Daniel Kilgore

Ex-49er Daniel Kilgore describes 'crazy,' 'frustrating,' 'heart-breaking' week

kilgore-helmetoff-usatsi.jpg
USATSI

Ex-49er Daniel Kilgore describes 'crazy,' 'frustrating,' 'heart-breaking' week

Daniel Kilgore’s mind was at ease on Feb. 14 after signing a three-year contract extension to remain with the 49ers – the team that selected him in the fifth round of the 2011 draft.

But all that changed on the first day of the open negotiating period when he learned the 49ers reached an agreement with New York Giants free-agent Weston Richburg on a five-year contract. The same firm, Rep1, represents Kilgore and Richburg.

“Originally, I knew Weston was on the Niners’ board for left guard,” Kilgore said on the 49ers Insider Podcast. “When I knew that he was going to sign with the 49ers, I was thinking, ‘Hey, we just got a new left guard.’ I hate it for Laken (Tomlinson).

“But, then, you kind of find out he was coming for center. That’s when I was thrown for a loop.”

Kilgore described the days that followed as “crazy,” “frustrating” and “heart-breaking.”

One day after the 49ers officially signed Richburg to a five-year, $47.5 million contract, Kilgore was traded to the Miami Dolphins. The 49ers got little in return for delivering Kilgore to what appears to be a good situation. The team’s swapped draft spots in the seventh round, with the 49ers now choosing at No. 223 overall, while the Dolphins pick at No. 227.

Kilgore lands in a situation to be a starter. He also received, in essence, a 13.3-percent raise for leaving California to go to Florida, where there is no state income tax. The 49ers structured Kilgore's contract so the first payout of a $2.3 million roster bonus was scheduled for after the start of the new league year – after the trade. The Dolphins pick up the entirety of the three-year, $11.75 million contract the 49ers negotiated with Kilgore.

Kilgore said he was never asked to compete for a job at guard with the 49ers. He said he did not request a trade, either. He was told, in essence, he was no longer in the 49ers’ plans.

General manager John Lynch told NBC Sports Bay Area last week both Richburg and Kilgore are best at center. To ask either to submit to a change of position would set up one of them for failure.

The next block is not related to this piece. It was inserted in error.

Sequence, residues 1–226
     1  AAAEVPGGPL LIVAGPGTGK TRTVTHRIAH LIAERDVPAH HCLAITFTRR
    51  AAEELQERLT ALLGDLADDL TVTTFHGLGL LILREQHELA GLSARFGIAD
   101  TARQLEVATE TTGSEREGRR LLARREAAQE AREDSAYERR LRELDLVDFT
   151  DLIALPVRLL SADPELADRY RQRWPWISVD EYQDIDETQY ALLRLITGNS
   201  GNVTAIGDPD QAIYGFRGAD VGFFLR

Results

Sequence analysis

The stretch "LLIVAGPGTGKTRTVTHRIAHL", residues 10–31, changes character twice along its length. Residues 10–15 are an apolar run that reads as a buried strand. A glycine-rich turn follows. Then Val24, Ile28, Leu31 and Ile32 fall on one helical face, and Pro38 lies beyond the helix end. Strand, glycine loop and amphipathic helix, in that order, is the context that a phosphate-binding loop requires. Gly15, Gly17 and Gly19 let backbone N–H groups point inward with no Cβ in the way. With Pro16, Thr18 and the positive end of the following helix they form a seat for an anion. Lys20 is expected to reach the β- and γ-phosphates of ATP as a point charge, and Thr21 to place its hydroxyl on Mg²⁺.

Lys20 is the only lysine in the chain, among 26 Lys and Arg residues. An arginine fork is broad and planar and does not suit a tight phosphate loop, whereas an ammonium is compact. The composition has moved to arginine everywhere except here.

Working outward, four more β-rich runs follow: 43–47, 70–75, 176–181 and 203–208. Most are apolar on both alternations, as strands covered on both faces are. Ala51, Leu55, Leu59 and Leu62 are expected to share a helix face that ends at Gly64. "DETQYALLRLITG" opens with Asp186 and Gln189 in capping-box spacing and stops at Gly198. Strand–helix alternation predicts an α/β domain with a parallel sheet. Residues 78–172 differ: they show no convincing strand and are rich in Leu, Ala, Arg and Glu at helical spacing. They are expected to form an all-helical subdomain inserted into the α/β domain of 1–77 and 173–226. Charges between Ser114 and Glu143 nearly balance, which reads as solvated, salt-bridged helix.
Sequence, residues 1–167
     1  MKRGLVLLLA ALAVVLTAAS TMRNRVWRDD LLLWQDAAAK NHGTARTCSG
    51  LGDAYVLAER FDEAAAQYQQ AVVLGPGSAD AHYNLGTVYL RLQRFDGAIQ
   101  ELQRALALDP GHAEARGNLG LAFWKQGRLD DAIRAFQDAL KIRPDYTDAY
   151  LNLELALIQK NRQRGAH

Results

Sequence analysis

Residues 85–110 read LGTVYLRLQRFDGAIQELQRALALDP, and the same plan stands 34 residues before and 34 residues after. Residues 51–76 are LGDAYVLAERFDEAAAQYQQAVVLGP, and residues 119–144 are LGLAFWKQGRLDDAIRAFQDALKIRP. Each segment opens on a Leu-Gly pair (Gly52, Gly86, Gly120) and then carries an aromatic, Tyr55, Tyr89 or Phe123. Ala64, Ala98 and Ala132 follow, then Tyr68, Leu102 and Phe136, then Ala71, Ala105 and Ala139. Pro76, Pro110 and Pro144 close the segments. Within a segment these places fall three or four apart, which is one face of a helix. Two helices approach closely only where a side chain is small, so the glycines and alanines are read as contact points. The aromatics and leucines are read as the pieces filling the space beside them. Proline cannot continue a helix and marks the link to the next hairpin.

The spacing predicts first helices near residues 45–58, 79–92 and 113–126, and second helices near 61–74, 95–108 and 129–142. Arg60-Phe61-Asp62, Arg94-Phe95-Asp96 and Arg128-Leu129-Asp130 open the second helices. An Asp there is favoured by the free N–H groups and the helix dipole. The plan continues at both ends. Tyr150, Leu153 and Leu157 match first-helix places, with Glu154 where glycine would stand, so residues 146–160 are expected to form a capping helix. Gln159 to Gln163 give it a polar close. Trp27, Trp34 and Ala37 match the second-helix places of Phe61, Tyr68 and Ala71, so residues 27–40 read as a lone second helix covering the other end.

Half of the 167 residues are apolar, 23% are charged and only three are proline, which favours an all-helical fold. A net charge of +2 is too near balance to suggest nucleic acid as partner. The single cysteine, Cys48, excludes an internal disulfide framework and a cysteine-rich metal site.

Looking back, Kilgore said he wonders if he should have turned down the 49ers’ offer and gone into free agency. But that approach had its risks, too. All he wanted, he said, was to be compensated fairly and remain with the 49ers.

“I was really thrown for a shock,” said Kilgore, who won the Bobb McKittrick Award last season for his displays of courage, intensity and sacrifice. “You just wonder, ‘What If I did go free agency?’ (But) that wasn’t me. I knew where that team was going. I’m familiar with the area, familiar with the coaching staff, my best friends are on the team. So I knew this is where I wanted to be. I didn’t see myself going anywhere else.”

Now, he will be moving to South Florida, where he will attempt to establish what he felt he had with the 49ers.

“You want to be there and be a part of something on the rise," Kilgore said. "That was the frustrating thing, that you’re no longer going to be there. It’s frustrating and heart-breaking, but you move on. I’m going to South Florida, and that makes things a heck of a lot better.”

Kilgore said he had some hard conversations with Lynch and coach Kyle Shanahan last week. Ultimately, he said he respects both men for the way they handled an awkward situation. Lynch said last week when the 49ers signed Kilgore to an extension, the club believed there was a likelihood Richburg would not still be available a month later as a free agent. Richburg was the only center the 49ers would have sought to replace Kilgore, Lynch said.

“I hope the fans out there know the truth about everything and know that Kyle and John did it in the best interest of me and the best interest for the team moving forward,” Kilgore said. “There’s no bad grudges or anything like that. We’re all still friends at the end of the day.”

Lynch explains his reasoning for trading Kilgore a month after extending him

kilgore-closeup-ap.jpg
AP

Lynch explains his reasoning for trading Kilgore a month after extending him

There was only one center scheduled to become a free agent the 49ers would have wanted over Daniel Kilgore, general manager John Lynch said Thursday.

But because the 49ers did not know a month ago if they would be able to get that player, they went ahead and re-signed Kilgore to keep him off the free-agent market.

Lynch said the 49ers’ top two targets in free agency were center Weston Richburg and running back Jerick McKinnon. They negotiated against a handful of teams for the services of both players and finalized the deals on Wednesday at the opening of the free-agent signing period.

After the 49ers signed Richburg, the club worked a trade with the Miami Dolphins to send Kilgore to a team that needs a starting center.

“We thought about, do we play Weston at guard?” Lynch said. “Ultimately, once we decided to invest in someone, you put him at his best position. That happens to be his best position and center is Dan’s best position, too.”